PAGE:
Essential oils

All-natural essential oils are obtained from plants and carry the scent and beneficial properties of that particular plant. They create wonderful fragrances and infuse the soaps with healthy or therapeutic herbal benefits too. Soapworks Studio uses primarily natural essential oils for fragrance - look for the "100% natural product" tag.

Fragrance Oils

I also use some synthetic fragrance oils in a few of my bars.  These are cosmetic-grade oils, meaning they are specifically tested for use in all skin care applications. Whenever possible, I make sure they are phalate-free too. I test them scrupulously, and choose only the highest quality suppliers and scents. Using fragrance oils opens up a whole new world of scent, beyond the limited list of plant-based essential oils, and life is so much more fun with more options.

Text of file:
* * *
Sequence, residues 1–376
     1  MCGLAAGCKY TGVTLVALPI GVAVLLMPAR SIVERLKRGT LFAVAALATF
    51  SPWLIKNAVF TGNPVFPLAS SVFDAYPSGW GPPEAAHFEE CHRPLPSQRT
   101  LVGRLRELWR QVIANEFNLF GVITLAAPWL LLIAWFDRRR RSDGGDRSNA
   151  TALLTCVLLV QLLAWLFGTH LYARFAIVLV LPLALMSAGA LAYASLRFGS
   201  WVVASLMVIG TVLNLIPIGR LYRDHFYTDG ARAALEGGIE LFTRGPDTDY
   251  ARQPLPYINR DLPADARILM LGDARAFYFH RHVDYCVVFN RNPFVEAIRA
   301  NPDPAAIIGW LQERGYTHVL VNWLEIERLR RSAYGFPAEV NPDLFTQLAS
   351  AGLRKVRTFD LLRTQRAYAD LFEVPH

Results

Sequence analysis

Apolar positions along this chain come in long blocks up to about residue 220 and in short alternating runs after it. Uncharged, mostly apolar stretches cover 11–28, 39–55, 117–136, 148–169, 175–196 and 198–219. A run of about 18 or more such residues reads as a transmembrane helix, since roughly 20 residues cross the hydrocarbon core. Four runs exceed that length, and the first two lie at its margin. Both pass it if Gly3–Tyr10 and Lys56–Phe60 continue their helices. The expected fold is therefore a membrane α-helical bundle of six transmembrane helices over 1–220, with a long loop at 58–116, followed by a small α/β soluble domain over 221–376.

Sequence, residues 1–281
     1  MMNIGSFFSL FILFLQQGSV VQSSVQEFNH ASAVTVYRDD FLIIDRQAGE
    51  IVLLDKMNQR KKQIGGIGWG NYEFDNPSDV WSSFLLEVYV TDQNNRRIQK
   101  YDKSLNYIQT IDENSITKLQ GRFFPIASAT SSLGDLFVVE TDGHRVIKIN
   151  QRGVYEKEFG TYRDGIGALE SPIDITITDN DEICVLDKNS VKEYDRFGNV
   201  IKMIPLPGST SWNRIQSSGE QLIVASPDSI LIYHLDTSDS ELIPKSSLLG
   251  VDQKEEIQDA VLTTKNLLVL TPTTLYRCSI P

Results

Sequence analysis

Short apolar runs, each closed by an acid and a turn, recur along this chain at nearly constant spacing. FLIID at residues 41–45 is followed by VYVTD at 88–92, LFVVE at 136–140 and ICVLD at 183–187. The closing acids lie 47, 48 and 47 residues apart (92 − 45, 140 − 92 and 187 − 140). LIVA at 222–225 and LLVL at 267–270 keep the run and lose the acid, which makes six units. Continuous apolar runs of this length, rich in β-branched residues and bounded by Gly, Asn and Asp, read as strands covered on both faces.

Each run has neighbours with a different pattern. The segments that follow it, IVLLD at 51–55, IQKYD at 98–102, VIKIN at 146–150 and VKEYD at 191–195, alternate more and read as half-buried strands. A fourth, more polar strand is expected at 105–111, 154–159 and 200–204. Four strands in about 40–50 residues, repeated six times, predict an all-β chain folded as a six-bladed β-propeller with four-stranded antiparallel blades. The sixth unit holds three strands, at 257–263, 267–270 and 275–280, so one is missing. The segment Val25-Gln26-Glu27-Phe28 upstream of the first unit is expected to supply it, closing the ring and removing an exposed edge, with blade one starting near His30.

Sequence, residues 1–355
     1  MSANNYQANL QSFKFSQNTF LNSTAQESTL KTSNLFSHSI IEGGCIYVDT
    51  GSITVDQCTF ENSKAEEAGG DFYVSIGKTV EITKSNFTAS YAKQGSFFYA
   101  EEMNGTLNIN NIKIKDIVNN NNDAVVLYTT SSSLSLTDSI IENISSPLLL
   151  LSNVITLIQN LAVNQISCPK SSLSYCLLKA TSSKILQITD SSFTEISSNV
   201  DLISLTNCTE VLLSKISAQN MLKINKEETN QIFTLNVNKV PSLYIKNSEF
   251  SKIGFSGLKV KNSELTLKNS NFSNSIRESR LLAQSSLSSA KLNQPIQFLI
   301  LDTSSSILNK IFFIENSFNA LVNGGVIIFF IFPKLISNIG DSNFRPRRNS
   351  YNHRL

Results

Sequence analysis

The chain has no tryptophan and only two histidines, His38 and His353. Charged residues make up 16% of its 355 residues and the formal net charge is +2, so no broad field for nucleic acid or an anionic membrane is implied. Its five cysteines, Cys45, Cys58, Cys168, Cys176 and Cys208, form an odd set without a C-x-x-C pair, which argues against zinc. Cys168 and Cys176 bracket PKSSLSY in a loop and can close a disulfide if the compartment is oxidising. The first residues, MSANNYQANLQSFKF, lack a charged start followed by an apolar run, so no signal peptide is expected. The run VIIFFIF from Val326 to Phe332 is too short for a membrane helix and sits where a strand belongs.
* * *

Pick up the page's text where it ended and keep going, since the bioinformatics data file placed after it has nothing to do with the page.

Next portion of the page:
Cruelty-Free

Soapworks Studio soaps and bath products are cruelty-free. No animal testing of any kind ever.  (Well, I did put the healing salve on my cat when she had a boo-boo and it worked out great.) I test my soaps only on myself, my family, and eager friends too.

 

Food nourishes the body but flowers heal the soul.    - Old Proverb